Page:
f*3/2. Raising this by a fourth ends up in
(f*3/2)*4/3, which shortens to
f*4/2 or simpler
f*2, which is an octave.
The next tone in our harmonic series has frequency of 550 Hz. If you add this to the 330 Hz and 440 Hz tones, you'll hear a perfect A major chord. Very straight and very clean. Remove the 330 Hz tone and you'll see this:
Since the new note is the third one in an A major scale, the interval you hear now is called major third. Its frequency ratio is 5:4 and in the chosen scale the note is a C♯.
The remaining harmonics (660, 770, 880, 990, 1100, 1210) are either octaves to lower harmonics (660 = 2*330, 880 = 2*440 and 1100 = 2*550) or they belong to new notes (770, 990 and 1210).
If you select the three tones with 440 Hz, 550 Hz and 660 Hz (a perfect A major chord) and now add the 770 Hz tone, you might agree that this sounds familiar. In fact, we now hear a perfect A7 chord. It is worth noting that this new tone, which has ratio of 7:4 to the base note of A, is not part of the A major (nor A minor) scale. It is a little bit lower than a G and is called the harmonic seventh.
The next harmonic which is not an octave to a fifth or third is the one with 990 Hz. If you add this to the previous A7 chord, it might also sound familiar to you. The new tone is the 9th note in the A major scale, which also is the octave to the 2nd note, so in the end it's a B, and the chord we hear is A7/9.
Now the last tone with 1210 Hz is somewhat strange. Although it is a natural harmonic to A (110 Hz), it sounds awful together with a'' (880 Hz). That's surely because it's right between the fourth (1173 Hz) and the fifth (1320).
If you now activate all overtones to our base note A, you will hear a very individual sound which also looks very interesting:
How to Change the Frequency
Before moving on to the subject of this article, let me tell you how to change the frequency of a tone. First of all, you can enter any integer number into the edit box. But for sure, you can also change the frequency with the spin controls to the right.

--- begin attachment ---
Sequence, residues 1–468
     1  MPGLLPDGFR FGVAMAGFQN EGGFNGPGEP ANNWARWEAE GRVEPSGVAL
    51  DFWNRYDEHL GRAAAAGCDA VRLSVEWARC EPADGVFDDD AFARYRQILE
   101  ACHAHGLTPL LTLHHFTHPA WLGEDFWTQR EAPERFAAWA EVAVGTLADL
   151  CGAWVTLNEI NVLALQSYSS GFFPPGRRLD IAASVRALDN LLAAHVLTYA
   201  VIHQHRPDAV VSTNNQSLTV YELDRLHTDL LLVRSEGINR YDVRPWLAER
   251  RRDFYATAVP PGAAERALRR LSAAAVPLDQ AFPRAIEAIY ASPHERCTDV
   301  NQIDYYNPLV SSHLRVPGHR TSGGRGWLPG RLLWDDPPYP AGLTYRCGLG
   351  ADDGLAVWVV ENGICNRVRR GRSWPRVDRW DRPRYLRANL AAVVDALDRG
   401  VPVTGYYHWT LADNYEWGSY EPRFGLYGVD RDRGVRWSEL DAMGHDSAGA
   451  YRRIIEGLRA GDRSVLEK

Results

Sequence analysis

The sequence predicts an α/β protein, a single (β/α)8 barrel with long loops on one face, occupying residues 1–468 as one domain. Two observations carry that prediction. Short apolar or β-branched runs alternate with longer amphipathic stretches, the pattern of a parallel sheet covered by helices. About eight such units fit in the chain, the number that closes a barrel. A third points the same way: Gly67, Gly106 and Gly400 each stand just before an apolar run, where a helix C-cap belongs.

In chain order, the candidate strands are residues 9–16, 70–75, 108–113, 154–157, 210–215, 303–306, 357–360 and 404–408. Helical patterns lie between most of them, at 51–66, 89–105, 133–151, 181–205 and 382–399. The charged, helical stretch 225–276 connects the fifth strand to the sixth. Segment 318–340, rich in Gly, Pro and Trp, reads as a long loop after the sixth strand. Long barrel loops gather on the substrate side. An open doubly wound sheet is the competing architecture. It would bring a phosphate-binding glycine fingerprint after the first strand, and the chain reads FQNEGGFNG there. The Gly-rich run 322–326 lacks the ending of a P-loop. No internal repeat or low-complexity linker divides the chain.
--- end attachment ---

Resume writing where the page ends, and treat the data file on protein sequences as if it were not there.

The amount of change when clicking spin up or spin down depends on the numbers shown in the two edit boxes in the top right corner of the application:
The default values of 1/0 will change the frequency by 1 Hz. You can enter any numbers here and the spin controls will change the frequency by the ratio of these numbers. So if you enter 2/1, the amount of change will be an octave or 8th. The radio buttons are used to fill the ratio boxes with predefined numbers: 3/2 for a fifth, 4/3 for a fourth, 5/4 for a major third and so on.
The Syntonic Comma
A comma in music theory is a small interval between two notes. There are different types of commas and in order to show you the syntonic comma, let's tune 4 tones in the way that violins are tuned.
To do so, enter 440 into the first 4 edit boxes, because that's the frequency for the A string. Also click the radio button for a 5th, so the ratio boxes show 3/2, because violins are tuned in fifths. After setting the volume to 0.5 for all 4 tones, it should look like this:
Now change the frequency of the second tone by clicking the spin down control, which lowers the a' by a fifth, ending up in a d'. Do the same twice for the first tone, so this becomes a g. Raise the frequency of the fourth tone by clicking the up control, and this will be an e''. We now have a perfectly tuned instrument. Mute all tones except the first two and you will hear a perfect fifth above G: